But don’t go getting all excited. Just because the rotation might be the best since ’94 doesn’t mean it can hold Jack McDowell’s jock strap. And the offense will be dreadful without Ordonez or a quality leadoff man or a potent left-handed bat. How Williams is going to fill all those holes is a mystery.


No longer can Ozzie Guillen be considered a reason for optimism. As it turns out, Ozzie Ball does not include stealing timely bases or executing thrilling suicide squeeze plays. Nor does it include having confidence in a lineup and sticking with it. But it does include pop-bunts back to the pitcher, runners being thrown out at home plate to end a game, fielders failing to tag opposing runners (even when the ball beats ‘em by a mile). And, of course, enough lineup tinkering to make Jerry Manuel green with envy.


In Guillen’s defense, he has delivered in some areas, such as adding an element of entertainment in an otherwise ugly season. And injuries have forced him to tinker more than he would have (at least, that’s what we’ll tell ourselves for now). Guillen wants to play small ball, yet has no one to play small ball with. If I have to watch Juan Uribe, who naturally hits the ball to the right side of the field anyway, pathetically fail to bunt a man from second to third ever again, I’m going to take a hammer and smash my 1991 Ozzie Guillen Starting Lineup figure to a bloody pulp.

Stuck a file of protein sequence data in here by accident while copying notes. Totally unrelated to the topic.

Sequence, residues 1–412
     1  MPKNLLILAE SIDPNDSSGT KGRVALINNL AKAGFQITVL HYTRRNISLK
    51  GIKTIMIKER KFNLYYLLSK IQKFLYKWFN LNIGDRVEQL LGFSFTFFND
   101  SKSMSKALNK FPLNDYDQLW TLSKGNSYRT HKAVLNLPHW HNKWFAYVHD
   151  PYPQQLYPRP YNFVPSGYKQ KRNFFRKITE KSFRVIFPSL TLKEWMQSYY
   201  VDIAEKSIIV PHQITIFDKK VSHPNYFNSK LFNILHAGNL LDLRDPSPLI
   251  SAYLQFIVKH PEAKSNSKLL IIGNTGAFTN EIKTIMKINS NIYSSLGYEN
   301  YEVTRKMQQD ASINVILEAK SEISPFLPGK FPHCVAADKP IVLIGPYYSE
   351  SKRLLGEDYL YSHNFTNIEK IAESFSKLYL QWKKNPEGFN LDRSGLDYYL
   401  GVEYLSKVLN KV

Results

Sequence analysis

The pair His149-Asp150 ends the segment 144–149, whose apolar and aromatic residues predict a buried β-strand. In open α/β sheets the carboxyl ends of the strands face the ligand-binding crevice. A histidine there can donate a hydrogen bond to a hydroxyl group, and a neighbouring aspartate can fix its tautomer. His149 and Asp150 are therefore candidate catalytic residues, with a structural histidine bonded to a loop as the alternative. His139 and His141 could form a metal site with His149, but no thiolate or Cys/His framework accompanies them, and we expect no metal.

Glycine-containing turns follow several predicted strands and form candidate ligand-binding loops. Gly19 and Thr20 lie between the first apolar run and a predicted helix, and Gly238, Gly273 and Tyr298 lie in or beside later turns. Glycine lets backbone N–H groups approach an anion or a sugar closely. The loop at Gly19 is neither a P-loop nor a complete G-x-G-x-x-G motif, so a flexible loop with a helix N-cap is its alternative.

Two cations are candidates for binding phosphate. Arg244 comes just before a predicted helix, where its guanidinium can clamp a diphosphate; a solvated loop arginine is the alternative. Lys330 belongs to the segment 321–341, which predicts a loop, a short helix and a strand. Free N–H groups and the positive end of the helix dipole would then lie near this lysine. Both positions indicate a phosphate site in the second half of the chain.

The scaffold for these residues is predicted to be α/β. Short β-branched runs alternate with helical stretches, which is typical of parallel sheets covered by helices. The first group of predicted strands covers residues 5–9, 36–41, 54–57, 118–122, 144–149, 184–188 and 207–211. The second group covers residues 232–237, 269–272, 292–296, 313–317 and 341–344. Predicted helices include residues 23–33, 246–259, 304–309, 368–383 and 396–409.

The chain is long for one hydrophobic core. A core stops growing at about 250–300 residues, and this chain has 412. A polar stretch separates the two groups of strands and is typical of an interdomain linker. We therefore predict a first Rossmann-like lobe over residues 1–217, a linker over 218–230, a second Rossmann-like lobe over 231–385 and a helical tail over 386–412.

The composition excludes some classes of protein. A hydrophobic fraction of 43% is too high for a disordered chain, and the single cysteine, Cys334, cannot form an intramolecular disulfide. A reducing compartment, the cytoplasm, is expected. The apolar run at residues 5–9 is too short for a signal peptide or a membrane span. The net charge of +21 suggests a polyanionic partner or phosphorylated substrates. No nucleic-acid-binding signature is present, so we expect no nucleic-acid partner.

Of course Hawk and DJ looove Ozzie Ball. They’ll berate the Moneyball philosophy until they’re blue in the face. But last time I checked, Moneyball was fairing quite a bit better than Ozzie Ball. Maybe there’s a reason why first-place teams like Boston and Oakland treat stolen bases and sac bunts like STDs.


But let’s get down to the real reason why fear of another Dark Decade is legit: Everyone else in the division is getting better. The Sox had their window, and it’s closing at an alarming rate. The Tigers and Indians are on the way up, and determined to add to their growing clubs. Minnesota doesn’t appear to slipping as we had hoped. Meanwhile, the Sox can’t bring up an impactful minor leaguer to save their lives.


To illustrate the sad state of affairs, the Sox snatched up failed prospect Alex Escobar, who was cut by Cleveland. So let me get this straight, we have sunk to the level of taking the Indians’ leftovers because their rebuilding has gone so fabulously well, while our attempts have gone so fabulously crappy. Look at how the Indians put together their team of the future, with lots of left-handed contact hitters who can spray the ball all over the field. The Sox have tried it with long-swinging power hitters, who go maddeningly hot and cold. Allow me to beat a dead horse one more time: Instead of watching a young, speedy, contact-hitting, left-handed Jeremy Reed for years to come, we get to watch an ex-Stanford QB become the next Lyle Mouton.


Unless Williams can work some major magic this winter, hope is not going to spring eternal in Tucson next year. Williams might want to consider hiring a few bodyguards for SoxFest. The storm clouds are rolling in.  

Kenny, good luck changing the forecast.

Guy Bacci is from the north suburbs of Chicago, where he couldn't avoid growing up as a pampered and snotty Cubs fan. Luckily, he saw the light in 1985 and never looked back.  He loved the hard-working, old-school tactics of Carlton Fisk, who would become his all-time favorite player.  His most memorable moment was going to a Sox double-header with his grandfather, who insisted on staying all nine hours (including a long rain delay).  Guy is a journalism grad from Northwestern, currently residing in Seattle, where he works as a computer programmer and freelance writer. He can be reached at